Ask Lambda Legal: Marriage and the Supreme Court

Jon Davidson, Director Jurídico, Lambda Legal
Foto: Lambda Legal

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Jon Davidson, Director Jurídico, Lambda Legal  Foto: Lambda Legal

Jon Davidson, Director Jurídico, Lambda Legal
Foto: Lambda Legal

By: Jon Davidson, Legal Director, Lambda Legal–

Dear Lambda Legal,

Q: I was talking with friends about the Supreme Court hearings about Prop 8 in California and DOMA, and some of us were really encouraged by the news reports. Are we being overly optimistic?

A:  With arguments in Hollingsworth v. Perry concerning Proposition 8 in California and United States v. Windsor concerning the so — called Defense of Marriage Act (DOMA), we have just witnessed two historic days in the United States Supreme Court. I attended the hearings and I’m happy to say I felt encouraged as well!

There were several moments that made me smile. During arguments in Perry, the lawyer arguing in support of Prop 8 conceded that the government almost never has even a legitimate reason for discriminating based on sexual orientation — a concession that echoes what we and other advocates for equality have been saying for years. In another exchange, Justice Anthony Kennedy stated his concern for the nearly 40,000 children living in California with parents who are same-sex couples and referred to the “immediate legal injury” they are suffering. Finally, the lawyer defending Prop 8 tried to argue that only different-sex couples could procreate together — an argument made by many anti-gay groups around the country — and was refuted several times. Justice Elena Kagan’s explained that, while that might be grounds for letting them marry, it did not explain why same-sex couples should be excluded from the institution. Further, Justice Kagan asked about marriage between different-sex couples who are both over 55 and Justice Ruth Bader Ginsburg referenced an earlier Supreme Court case that held that even those locked up in prison with no possibility of procreation have the right to marry. [pullquote]Further, Justice Kagan asked about marriage between different-sex couples who are both over 55 and Justice Ruth Bader Ginsburg referenced an earlier Supreme Court case that held that even those locked up in prison with no possibility of procreation have the right to marry.[/pullquote]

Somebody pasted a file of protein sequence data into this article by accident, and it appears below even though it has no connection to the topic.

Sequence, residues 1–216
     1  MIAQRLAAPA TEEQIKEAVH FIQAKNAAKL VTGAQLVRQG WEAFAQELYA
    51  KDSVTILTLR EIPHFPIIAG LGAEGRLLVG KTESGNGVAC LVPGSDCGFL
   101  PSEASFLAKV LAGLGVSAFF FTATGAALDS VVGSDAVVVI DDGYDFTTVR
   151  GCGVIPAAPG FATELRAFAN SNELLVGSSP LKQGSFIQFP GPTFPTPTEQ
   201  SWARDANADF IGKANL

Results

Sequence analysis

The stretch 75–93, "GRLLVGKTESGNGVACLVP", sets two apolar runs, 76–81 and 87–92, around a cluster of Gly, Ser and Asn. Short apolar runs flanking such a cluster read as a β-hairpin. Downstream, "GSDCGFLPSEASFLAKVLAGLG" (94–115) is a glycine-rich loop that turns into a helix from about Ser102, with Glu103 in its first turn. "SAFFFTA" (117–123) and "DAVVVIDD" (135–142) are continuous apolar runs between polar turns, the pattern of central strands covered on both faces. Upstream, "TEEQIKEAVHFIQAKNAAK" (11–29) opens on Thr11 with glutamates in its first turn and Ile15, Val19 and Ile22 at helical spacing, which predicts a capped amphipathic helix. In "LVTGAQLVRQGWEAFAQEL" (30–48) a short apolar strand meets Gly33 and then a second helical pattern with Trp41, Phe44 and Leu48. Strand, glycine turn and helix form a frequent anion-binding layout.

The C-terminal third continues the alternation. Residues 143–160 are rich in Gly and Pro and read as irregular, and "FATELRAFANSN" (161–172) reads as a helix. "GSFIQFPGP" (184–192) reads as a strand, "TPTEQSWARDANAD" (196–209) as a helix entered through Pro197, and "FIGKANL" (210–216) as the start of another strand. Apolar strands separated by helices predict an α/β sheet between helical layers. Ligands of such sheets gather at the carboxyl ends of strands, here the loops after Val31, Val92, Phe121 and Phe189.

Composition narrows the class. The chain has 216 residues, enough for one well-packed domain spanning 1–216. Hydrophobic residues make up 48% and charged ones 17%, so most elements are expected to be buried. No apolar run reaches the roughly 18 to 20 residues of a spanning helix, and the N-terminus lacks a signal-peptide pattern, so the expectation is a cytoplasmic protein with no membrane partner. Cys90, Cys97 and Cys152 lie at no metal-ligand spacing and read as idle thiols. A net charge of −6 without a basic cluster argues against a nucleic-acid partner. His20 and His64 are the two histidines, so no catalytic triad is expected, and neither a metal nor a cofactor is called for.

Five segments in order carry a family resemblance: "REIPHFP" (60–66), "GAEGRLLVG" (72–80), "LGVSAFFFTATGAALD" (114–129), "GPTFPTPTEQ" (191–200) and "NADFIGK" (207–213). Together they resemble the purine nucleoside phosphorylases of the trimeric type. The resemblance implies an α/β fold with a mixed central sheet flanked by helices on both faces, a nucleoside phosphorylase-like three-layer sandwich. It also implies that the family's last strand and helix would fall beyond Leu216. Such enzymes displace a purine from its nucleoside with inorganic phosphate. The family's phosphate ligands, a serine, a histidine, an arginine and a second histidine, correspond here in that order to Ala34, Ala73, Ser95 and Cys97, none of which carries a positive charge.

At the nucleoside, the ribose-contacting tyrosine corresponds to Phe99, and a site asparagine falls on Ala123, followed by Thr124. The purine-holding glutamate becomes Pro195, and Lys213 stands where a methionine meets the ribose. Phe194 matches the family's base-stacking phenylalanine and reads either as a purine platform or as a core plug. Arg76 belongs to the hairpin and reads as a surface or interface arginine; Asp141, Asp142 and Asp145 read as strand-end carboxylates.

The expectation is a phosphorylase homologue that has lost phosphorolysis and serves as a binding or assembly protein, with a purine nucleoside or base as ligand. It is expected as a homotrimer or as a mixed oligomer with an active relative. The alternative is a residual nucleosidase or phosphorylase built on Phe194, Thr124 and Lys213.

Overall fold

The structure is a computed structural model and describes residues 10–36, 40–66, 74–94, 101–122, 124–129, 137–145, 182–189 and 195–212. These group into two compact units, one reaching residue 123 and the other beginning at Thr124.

During arguments in Windsor, Justice Anthony Kennedy again expressed concern about the rights of children of same-sex couples. When the other side argued that the goal of DOMA was to protect states and allow them to experiment, Justice Kennedy said he was troubled by the fact that DOMA only “helps” the states that do not want to respect marriages entered by lesbians and gay men. Justice Sonia Sotomayor questioned what right the federal government had to create categories of marriage. In one of the most positive exchanges, Justice Ruth Bader Ginsburg noted the harms imposed by DOMA. She discussed how federal marriage benefits are pervasive and “touch every aspect of life,” and said DOMA diminishes what numerous states have said is a marriage as “sort of skim-milk marriage.”

It was exactly 10 years ago that the Supreme Court overturned all remaining U.S. sodomy laws in Lambda Legal’s landmark case Lawrence v. Texas. Since then, we’ve seen much legal progress and social change on marriage for same-sex couples. The Supreme Court hearings on Proposition 8 and DOMA continued that momentum. Until June, when the decisions are expected, I’m remaining hopeful.

If you feel you have been discriminated against based on your sexual orientation, gender identity or HIV status, please contact our Legal Help Desk www.lambdalegal.org/help.

[Read this story in Spanish at: http://tiny.cc/9wqfww]

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